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leadership lab

This column is part of Globe Careers' Leadership Lab series, where executives and experts share their views and advice about leadership and management. Follow us at @Globe_Careers. Find all Leadership Lab stories at

Most of what we hear about mentorship focuses on the importance of having a mentor. I want to share a different perspective, one that I have benefited from over the years and has even lead to my newest business venture – why seasoned entrepreneurs should actively seek a mentee.

Whether we are just entering the workforce or are looking to broaden our knowledge in our current position, we turn to mentors to learn from their successes and mistakes; ask questions; and use their insights to help carve our own path. As we grow in our careers, we often come across young leaders who express a desire to learn from our experiences. Of course it is rewarding to share our knowledge and help others grow – but the benefits of having a mentee don't stop there.

My mentor once explained to me that he met with young leaders for two reasons: to get inspired and to learn new things. He was someone who enjoyed hearing perspectives from different points of view and believed young minds could see things in an innovative way and taught me how to apply these differing perspectives to my own pursuits.

Following in the footsteps of my mentor, I put this learning into practice a few years ago when I met current mentee Sara Hodson, with whom I have joined forces at Live Well Exercise Clinic.

Working with Sara has taught me the value of combining complementary skill sets with a shared goal or passion. By finding a mentee that brings a new outlook and new skills, and allowing your own skills to fill in the gaps, you can even turn your mentorship into a full-fledged business partnership.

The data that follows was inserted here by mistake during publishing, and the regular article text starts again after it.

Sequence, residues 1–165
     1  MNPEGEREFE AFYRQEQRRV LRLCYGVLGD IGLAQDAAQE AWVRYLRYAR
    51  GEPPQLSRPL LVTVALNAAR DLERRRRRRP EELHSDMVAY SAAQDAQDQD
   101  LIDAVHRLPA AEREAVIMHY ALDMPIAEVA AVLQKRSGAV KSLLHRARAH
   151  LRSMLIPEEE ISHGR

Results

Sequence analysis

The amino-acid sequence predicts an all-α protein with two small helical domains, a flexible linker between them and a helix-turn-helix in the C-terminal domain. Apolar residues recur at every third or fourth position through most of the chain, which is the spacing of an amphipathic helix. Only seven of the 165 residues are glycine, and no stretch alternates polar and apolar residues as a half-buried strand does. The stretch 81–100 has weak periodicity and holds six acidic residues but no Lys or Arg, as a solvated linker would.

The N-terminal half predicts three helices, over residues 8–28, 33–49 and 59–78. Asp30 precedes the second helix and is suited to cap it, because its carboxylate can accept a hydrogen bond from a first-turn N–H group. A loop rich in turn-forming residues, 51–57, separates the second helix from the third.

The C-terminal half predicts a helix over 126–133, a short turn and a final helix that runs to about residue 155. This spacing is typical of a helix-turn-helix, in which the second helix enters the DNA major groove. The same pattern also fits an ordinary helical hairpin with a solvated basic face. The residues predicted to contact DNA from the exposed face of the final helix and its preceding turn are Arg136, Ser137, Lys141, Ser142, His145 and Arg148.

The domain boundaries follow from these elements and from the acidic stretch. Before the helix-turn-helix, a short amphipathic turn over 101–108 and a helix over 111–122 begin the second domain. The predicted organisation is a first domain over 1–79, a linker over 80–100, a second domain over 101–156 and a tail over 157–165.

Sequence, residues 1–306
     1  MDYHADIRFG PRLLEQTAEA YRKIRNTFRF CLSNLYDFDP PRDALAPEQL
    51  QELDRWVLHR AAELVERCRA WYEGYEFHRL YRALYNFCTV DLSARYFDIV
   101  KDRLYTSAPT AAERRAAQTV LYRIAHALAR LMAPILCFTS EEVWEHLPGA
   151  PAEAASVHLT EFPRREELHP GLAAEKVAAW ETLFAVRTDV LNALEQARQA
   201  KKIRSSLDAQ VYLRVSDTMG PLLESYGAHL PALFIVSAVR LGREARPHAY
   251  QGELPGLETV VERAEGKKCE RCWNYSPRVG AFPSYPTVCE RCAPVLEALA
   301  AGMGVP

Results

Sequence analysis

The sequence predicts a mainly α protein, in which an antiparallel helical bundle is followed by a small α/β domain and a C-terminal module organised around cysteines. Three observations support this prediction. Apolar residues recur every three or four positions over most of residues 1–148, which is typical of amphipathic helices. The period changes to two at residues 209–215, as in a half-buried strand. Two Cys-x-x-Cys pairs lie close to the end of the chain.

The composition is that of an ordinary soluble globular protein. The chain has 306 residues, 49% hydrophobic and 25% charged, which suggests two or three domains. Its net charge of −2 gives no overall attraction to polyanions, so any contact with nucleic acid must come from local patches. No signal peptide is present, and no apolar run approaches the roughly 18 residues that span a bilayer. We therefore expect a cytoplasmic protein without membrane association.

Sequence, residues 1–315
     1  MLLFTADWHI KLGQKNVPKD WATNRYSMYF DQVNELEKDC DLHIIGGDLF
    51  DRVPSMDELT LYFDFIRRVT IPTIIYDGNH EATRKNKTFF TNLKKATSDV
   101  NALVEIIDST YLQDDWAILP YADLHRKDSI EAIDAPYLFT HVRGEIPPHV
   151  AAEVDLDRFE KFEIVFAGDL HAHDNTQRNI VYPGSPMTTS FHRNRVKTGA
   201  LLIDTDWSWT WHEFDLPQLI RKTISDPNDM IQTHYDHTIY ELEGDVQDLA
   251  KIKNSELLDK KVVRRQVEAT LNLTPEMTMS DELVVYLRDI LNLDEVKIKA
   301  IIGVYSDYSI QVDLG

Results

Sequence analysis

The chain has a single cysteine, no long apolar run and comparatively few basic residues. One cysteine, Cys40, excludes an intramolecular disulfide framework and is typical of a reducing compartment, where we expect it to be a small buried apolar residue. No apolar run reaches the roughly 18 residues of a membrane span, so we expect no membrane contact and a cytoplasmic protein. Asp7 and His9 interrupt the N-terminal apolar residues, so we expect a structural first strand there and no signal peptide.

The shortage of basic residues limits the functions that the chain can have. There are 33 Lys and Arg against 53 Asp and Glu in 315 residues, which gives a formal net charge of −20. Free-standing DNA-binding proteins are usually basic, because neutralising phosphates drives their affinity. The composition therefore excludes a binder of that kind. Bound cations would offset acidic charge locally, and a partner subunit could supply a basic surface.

In my case, Sara brought the innovative concept, the expertise and the passion; I brought the experience of building national franchise brands. As we grow our brand across Canada, I can't help but reflect back on the key lessons I learned in finding a mentee.

Pick an area you are passionate about and that you need to learn more about: Look for an eager, curious, and knowledgeable mentee that inspires you in areas you aren't already well-versed in.

Choose someone who you like: Really like. You need to share similar core values, a similar purpose, and a desire to learn. The relationship has to be genuine, otherwise you will dread your meetings.

As an entrepreneur, mentoring is the best way to do your due diligence on a new concept: You will learn your mentee's business inside and out; you'll know where it needs to be better, and ensure that you are the right fit to get it there.

It is also the best way to discover if they are the right partner: Through a mentorship, you will get to know your mentee well; you will see them through the good and the bad and their strengths and weaknesses will be revealed. Partnerships are powerful if you get them right – and you better get them right, or they will fall apart quickly.

As in any business relationship, you will encounter challenges along the way. The beauty of business people with different areas of expertise is that you will often be pushed to step outside of your comfort zone and see things in a way that you might not have otherwise considered. As you grow your mentorship or partnership, the key is to keep your shared purpose at top-of-mind, and never lose sight of your values. Treat each other as equals and never stop learning from your mentee's perspective – no matter how many more years of experience you may bring to the table, their fresh approach may actually be better in the end.

John DeHart is co-founder of Nurse Next Door Home Care Services and Live Well Exercise Clinics.